How Much Would Brands Pay For individual Customer Data?

Companies need to create new revenue streams by making data the product.  UnboundID suggests a business model that provides confirmed information about customers to companies as a service, and offers consumers a way to manage and control their identity. UnboundID says this business model can work if consumers remain in control of their data and trust companies to honor their choices.

The UnboundID report, "Valuing Identity in Today’s Digital World," conducted by Compass Intelligence, says using data identifying individuals who have opted in increases a consumer's profile value by up to 100 times when compared with aggregated, anonymous data. The study polled more than one thousand digital-savvy adults in the United States, Canada and the United Kingdom.

UnboundID defines digital identity as one individual, not a group or audience segment. The identity combines name, address, age; social network connections; pictures and videos online; affiliations like religion and politics; relations to family and friends; location; private address book, credit scores, and more.



The study identifies the value consumers place on their data that makes up their digital identity. On average, they rate the value of information shared on social media sites such as Facebook and Google+ as between $62.79 and $106.40.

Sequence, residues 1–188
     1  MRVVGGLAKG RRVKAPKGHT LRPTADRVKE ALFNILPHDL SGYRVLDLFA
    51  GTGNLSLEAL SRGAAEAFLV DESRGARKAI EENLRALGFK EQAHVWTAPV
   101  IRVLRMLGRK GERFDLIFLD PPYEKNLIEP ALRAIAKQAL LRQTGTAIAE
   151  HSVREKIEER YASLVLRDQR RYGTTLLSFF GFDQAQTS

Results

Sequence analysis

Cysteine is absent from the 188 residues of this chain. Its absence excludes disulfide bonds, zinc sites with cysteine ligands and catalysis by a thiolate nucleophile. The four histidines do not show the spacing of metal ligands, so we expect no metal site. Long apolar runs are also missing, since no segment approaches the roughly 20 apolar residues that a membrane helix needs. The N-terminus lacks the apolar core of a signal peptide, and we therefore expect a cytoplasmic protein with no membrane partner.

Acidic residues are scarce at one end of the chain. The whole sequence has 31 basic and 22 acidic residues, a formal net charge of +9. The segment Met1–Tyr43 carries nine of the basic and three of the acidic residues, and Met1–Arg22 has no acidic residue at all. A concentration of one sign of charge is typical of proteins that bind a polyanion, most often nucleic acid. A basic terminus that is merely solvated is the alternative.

To give up the data, customers want something in return. Although they expect  brands to act on that information, many don't understand what social sites, search engines, and brands do with the data they put online. While 51% of respondents said they want the brand to use their digital identify to improve the experience, about 60% believe Facebook and Twitter sell data to advertisers, and 54% think search engines sell data to advertisers and others.

Company executives participating in the survey said they would pay up to $124 per contact for accurate individual data. The research study also provides insight into how companies can value their customers' data, and ways companies can use the data for economic benefits.

The study suggests companies can gain value from digital identity data by lowering the cost of identifying their customers, which currently runs more than $12.4 billion annually in total. One way is to reduce the time it takes to identify a caller -- on average, it took 40% of the five minutes and 44 seconds a caller spent on the phone with a call center last year in the United States.

1 comment about "How Much Would Brands Pay For individual Customer Data?".
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  1. Pete Austin from Fresh Relevance, July 31, 2013 at 12:55 p.m.

    Pretty sure this is confusing two meanings of identity, (1) making sure which of your customers you are dealing with and (2) determining their real-world identity. The first is where the big savings are for companies and the second is where the big risks are for customers, so its unfortunate that they are not clearly distinguished.

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